Friday, December 11, 2009

Wherein Lies Justice?

It cannot be denied that we live in a "celebrity culture" in which, for reasons not always explicable, individuals become larger than life. It may be through achievements in sports or for being the first to accomplish the unimaginable. Melvin Purvis, Charles Lindbergh and Neil Armstrong come to mind here.

The age of television made a new kind of celebrity. People could star on game shows, have few serious accomplishments, and be practically worshipped. At the end of the day I have wondered what purpose celebrities serve?

Fame is what you make of it. Paul Newman used his charismatic name and popular image to raise money for charity through his Newman's Own Salad Dressing franchise. Bob Dylan is currently doing the same with his Christmas in the Heart CD. Not all celebrities, however, have such laudatory aims. Some stars have used their fame simply for the purpose of bedding women. (I'm recalling an early 1990's radio interview I once heard featuring a member of the band KISS.)

An op-ed piece by Angelina Jolie at yesterday, Justice Delayed Is Not Justice Denied, offers another example of how famous people can and do utilize their influence. Once people have a following they can use their soapbox to draw attention to issues that might otherwise be neglected, ignored or forgotten. Lady Di and Eleanor Roosevelt come readily to mind. Jolie begins her appeal as follows:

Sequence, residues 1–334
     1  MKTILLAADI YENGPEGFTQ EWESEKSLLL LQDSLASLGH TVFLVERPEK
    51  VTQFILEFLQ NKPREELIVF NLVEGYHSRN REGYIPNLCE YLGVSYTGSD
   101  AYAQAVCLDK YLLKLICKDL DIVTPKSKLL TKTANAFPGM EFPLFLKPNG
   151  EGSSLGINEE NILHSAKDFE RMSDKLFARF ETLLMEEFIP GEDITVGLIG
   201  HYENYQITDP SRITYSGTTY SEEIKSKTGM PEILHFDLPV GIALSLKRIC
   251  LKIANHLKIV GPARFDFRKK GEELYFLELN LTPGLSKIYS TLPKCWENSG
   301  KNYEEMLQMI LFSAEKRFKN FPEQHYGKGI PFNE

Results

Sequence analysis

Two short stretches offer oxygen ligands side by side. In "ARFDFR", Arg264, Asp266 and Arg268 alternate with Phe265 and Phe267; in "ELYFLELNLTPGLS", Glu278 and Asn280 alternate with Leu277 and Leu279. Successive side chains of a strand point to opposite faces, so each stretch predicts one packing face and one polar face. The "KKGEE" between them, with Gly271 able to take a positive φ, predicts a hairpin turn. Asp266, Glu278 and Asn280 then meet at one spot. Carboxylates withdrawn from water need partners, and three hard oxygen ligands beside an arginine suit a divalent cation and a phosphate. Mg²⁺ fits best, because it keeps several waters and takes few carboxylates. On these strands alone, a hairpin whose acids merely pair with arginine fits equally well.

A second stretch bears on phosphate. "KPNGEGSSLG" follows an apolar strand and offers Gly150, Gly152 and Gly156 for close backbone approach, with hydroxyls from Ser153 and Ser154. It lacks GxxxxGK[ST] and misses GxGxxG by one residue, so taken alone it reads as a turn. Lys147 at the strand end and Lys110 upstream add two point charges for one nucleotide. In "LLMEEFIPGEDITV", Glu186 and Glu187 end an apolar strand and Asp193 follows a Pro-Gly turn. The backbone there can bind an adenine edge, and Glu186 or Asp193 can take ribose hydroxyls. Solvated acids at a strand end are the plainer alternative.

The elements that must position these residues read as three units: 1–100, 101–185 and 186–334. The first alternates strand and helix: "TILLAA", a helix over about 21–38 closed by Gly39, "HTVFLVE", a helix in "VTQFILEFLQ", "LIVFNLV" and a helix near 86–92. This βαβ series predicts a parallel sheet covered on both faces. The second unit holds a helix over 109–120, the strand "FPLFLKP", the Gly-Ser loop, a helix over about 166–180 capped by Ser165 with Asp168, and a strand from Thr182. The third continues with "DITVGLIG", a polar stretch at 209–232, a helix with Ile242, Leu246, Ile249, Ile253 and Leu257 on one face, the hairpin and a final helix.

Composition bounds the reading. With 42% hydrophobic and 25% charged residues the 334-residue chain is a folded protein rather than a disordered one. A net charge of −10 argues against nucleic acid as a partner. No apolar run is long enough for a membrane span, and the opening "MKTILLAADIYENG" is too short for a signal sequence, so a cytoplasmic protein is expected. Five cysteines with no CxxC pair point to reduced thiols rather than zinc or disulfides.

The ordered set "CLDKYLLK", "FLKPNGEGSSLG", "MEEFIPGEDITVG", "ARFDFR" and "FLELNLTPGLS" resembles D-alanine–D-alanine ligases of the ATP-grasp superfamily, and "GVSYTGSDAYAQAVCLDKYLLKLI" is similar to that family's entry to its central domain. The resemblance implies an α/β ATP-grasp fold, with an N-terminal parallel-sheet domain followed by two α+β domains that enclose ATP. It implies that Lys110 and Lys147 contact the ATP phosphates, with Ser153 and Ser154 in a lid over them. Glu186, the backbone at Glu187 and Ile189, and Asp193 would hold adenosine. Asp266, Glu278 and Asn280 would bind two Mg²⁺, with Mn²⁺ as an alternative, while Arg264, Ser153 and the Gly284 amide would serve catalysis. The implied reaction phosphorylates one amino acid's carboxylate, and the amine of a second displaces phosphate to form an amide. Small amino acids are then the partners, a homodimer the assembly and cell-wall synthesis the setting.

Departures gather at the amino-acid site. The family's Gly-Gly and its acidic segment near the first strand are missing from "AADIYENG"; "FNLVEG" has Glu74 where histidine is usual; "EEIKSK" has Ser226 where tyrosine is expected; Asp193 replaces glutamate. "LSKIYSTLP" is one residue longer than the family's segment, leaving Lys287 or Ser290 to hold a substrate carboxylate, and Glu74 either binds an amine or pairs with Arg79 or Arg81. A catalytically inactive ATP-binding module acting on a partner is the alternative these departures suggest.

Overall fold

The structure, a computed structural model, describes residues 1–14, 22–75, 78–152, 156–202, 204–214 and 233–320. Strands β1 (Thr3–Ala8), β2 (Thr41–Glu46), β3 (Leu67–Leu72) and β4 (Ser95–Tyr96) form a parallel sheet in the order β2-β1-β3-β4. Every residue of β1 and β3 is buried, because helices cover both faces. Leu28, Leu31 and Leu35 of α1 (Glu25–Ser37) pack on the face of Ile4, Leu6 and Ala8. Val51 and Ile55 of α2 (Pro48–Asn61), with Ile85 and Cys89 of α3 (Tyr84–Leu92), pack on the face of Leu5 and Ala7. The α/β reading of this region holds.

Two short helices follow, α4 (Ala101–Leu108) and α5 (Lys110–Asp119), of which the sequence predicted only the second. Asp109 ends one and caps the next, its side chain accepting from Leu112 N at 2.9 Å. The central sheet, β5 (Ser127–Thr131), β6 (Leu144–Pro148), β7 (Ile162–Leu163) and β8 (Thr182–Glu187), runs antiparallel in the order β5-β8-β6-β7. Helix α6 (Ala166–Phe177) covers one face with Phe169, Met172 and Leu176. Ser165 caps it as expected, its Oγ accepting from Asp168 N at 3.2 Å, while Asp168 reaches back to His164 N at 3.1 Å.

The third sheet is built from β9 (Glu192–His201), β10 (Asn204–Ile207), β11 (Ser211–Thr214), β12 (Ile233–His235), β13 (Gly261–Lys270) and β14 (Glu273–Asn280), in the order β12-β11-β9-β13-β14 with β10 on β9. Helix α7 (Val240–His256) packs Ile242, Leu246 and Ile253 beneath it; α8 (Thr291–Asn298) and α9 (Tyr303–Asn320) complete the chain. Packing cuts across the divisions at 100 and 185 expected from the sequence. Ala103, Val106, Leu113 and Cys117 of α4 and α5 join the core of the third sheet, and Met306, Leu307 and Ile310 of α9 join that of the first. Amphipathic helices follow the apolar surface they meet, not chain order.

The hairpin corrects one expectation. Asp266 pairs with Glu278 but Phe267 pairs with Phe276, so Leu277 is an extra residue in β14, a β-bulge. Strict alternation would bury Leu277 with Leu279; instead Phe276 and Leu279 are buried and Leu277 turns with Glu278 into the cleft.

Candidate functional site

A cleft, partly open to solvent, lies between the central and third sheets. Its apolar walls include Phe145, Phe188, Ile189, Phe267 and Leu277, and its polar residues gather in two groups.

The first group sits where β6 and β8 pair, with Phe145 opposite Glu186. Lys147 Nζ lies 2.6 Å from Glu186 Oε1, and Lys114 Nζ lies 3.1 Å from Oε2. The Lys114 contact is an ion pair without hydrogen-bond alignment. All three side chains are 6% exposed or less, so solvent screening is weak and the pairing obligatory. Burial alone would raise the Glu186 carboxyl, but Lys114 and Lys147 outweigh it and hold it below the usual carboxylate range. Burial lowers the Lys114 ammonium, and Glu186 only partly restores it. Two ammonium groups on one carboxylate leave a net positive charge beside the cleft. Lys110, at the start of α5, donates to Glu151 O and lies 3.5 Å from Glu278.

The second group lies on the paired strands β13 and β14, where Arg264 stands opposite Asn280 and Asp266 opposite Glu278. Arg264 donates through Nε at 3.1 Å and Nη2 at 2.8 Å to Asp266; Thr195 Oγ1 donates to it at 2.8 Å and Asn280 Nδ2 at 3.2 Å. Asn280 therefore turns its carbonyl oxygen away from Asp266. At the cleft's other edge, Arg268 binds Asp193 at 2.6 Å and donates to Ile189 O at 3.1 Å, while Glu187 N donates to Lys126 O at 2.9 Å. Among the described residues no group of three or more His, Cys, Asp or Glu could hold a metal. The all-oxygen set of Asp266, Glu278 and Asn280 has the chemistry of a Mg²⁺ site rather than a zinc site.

Today we observe Human Rights Day, founded more than half a century ago when the international community declared that respect for human rights and dignity "is the foundation of freedom, justice, and peace in the world," and resolved that the horrors of World War II should never be allowed to recur.

Celebritydom offers opportunities to shed light on issues. To some extent they are like our elected officials in Washington. They have both a privilege and a responsibility. In a world as broken as ours we can pray that they take those responsibilities seriously.

Thank you, Ms. Jolie, for drawing our attention to this issue. I don't know what we can do, but awareness is always the first step.

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